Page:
A security flaw found in a popular Internet encryption tool has sent companies and government agencies scrambling to plug the leak.

The bug in OpenSSL, a widely used encryption method, was discovered earlier this week by researchers at Google (GOOG) and cyber-security firm Codenomicon. According to a website created by Codenomicon, Neel Mehta of Google Security first reported it to the OpenSSL team.

In a notice on Tuesday, Amazon.com (AMZN) informed its Amazon Web Services customers that it applied fixes to resolve the OpenSSL vulnerability. Some of Amazon’s AWS services were unaffected.

Researchers believe Heartbleed, a nickname given to the OpenSSL flaw, already allowed cyber thieves to grab Yahoo (YHOO) usernames and passwords. The search giant said it addressed the problem for most of its properties, including Yahoo Search, Yahoo Mail, Flickr and Tumblr, by Tuesday afternoon.

“As soon as we became aware of the issue, we began working to fix it,” a Yahoo spokesperson said. “Our team has successfully made the appropriate corrections across the main Yahoo properties…and we are working to implement the fix across the rest of our sites right now. We’re focused on providing the most secure experience possible for our users worldwide and are continuously working to protect our users’ data.”

Based on a web tool from security firm Qualys, other major websites like eBay (EBAY), Google and Microsoft’s (MSFT) Outlook email service are not vulnerable to the Heartbleed attack.

The Canada Revenue Agency temporarily shut down its online services on Wednesday due to security concerns, just three weeks before an April 30 deadline for citizens to file taxes.

The security flaw was found in some versions of OpenSSL, a type of open-source software many websites use to encrypt communication over the Internet. Heartbleed could compromise usernames, passwords and credit card numbers that are stored on a server’s memory.

Using the loophole, cyber criminals are able to request chunks of data. While they can’t specify what information they want, such as one person’s username and password, hackers can gather enough data to piece it together.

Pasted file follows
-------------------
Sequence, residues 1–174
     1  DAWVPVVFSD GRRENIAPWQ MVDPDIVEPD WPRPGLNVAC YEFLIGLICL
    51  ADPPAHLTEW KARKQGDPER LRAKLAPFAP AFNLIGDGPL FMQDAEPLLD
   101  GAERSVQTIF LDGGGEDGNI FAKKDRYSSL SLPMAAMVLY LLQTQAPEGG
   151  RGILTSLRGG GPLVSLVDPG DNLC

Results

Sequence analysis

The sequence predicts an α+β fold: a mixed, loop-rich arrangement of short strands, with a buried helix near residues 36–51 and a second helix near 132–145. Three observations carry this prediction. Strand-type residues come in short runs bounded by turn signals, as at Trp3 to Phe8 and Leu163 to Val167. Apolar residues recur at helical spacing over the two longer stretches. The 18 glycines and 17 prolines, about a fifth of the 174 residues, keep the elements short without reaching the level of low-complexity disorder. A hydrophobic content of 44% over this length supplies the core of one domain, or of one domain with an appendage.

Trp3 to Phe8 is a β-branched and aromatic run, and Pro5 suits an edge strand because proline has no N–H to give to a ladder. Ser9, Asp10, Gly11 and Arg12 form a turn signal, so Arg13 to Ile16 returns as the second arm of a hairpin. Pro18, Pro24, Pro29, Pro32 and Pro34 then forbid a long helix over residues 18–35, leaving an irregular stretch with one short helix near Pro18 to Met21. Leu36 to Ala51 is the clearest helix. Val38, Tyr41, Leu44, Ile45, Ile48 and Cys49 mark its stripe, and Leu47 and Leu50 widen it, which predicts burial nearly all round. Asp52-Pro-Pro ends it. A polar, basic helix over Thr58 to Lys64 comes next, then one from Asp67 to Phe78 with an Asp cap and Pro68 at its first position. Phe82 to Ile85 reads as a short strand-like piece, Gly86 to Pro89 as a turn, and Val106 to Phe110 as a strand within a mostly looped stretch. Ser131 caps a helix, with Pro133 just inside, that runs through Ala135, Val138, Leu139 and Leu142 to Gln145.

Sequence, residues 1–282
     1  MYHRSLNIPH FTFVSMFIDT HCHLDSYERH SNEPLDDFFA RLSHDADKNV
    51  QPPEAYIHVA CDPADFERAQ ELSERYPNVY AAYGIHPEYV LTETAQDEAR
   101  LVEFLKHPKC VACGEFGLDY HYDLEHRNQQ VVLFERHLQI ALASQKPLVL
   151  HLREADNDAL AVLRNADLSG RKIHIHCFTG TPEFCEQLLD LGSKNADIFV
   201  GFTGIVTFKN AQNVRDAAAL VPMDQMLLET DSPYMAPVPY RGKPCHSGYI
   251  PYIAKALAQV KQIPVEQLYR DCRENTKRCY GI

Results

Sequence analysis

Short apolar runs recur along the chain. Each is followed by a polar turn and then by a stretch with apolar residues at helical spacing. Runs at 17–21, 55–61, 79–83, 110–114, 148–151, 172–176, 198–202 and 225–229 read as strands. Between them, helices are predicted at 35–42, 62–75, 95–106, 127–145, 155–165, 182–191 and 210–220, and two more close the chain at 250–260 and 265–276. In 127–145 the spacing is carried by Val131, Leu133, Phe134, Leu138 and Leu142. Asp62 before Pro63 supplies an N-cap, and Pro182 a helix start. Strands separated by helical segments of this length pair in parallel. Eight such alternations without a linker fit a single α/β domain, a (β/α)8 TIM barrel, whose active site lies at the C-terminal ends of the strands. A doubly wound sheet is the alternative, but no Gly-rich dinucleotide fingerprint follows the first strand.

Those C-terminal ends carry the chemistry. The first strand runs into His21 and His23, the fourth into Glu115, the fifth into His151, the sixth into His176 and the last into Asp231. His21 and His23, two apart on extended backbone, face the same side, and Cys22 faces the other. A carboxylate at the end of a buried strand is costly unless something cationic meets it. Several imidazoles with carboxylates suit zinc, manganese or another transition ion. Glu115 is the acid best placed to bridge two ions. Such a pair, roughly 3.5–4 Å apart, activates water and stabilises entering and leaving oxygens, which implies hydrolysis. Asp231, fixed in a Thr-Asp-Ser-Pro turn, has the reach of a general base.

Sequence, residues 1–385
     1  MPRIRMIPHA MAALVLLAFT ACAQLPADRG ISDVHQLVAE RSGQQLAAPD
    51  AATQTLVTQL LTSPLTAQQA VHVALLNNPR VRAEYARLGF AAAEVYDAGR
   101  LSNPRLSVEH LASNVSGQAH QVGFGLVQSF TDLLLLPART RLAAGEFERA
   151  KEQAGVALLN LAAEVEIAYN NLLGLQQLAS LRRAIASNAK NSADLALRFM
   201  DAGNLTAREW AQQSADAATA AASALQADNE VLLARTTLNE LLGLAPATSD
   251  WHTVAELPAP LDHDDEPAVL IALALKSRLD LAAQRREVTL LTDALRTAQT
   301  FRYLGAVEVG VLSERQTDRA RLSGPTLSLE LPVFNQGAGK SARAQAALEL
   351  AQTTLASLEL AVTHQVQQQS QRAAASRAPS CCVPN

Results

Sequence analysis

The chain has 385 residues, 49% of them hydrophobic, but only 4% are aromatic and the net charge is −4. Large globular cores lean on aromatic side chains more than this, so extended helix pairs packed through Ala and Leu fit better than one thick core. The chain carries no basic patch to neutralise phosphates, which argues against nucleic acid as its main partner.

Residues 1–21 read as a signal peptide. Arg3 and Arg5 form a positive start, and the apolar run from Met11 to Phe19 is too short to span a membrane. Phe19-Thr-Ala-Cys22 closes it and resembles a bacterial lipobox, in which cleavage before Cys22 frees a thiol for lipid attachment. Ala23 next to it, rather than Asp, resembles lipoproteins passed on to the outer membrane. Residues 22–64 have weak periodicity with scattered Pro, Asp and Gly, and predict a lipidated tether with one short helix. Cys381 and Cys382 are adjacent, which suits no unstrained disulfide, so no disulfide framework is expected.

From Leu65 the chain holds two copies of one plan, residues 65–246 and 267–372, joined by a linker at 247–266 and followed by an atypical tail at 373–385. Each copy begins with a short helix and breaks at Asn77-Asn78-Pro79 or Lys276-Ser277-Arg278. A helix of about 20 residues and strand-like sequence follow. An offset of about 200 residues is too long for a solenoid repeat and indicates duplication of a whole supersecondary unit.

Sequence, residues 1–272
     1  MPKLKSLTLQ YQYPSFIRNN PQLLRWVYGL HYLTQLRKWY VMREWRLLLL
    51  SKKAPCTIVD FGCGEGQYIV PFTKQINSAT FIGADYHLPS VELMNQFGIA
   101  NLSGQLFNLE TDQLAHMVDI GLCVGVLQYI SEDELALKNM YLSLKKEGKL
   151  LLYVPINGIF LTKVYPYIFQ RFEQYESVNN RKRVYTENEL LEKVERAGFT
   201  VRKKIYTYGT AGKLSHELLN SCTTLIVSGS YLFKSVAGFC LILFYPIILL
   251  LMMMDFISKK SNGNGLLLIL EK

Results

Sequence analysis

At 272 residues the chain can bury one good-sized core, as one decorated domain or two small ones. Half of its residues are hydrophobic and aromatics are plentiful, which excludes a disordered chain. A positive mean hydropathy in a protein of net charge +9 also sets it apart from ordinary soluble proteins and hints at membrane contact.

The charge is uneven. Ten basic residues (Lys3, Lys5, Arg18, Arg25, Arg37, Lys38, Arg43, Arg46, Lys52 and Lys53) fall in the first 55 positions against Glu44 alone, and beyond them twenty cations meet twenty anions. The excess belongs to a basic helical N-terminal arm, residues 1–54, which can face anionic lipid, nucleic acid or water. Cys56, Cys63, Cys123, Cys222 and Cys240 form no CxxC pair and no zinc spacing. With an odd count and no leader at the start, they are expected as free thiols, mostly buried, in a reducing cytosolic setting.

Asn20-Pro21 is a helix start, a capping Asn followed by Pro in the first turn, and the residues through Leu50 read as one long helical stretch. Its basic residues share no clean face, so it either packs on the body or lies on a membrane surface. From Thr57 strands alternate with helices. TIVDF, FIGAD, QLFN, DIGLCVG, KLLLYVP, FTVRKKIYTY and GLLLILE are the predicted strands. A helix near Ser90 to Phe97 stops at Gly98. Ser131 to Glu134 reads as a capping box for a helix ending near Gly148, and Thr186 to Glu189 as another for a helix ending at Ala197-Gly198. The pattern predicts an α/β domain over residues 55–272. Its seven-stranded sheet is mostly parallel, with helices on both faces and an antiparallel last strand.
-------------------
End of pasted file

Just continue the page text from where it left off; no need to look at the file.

Alex McGeorge, head of threat intelligence at security firm Immunity Inc., said e-commerce transactions and other online activities remain secure as they happen, although hackers could recover enough information to decrypt data as it’s sent to and from a server.

Web users must wait for corrections to be made on the server side. In the meantime, McGeorge advises that users avoid shopping and banking online until they are sure the patch was applied. Once the website completes that task, customers should change their usernames and passwords.

“Big companies will be proactive about this. It’s the smaller ones” that may be slow to respond, he said.

OpenSSL has made the security patch available, but system administrators may still be waiting for some Linux distributions to include the fix.

A security advisory from OpenSSL directed users to upgrade to OpenSSL 1.0.1g, while version 1.0.2 will be fixed in a pending beta update.

“I think we’ll see some good progress,” McGeorge said, noting the amount of attention Heartbleed is getting this week.

The Department of Homeland Security issued an alert to warn businesses about the bug, saying it “could allow a remote attacker to expose sensitive data, possibly including user authentication credentials and secret keys.”

DHS also suggested that system administrators consider implementing Perfect Forward Secrecy, which would protect web communications from future breaches.

Follow Matthew Rocco on Twitter @MatthewRocco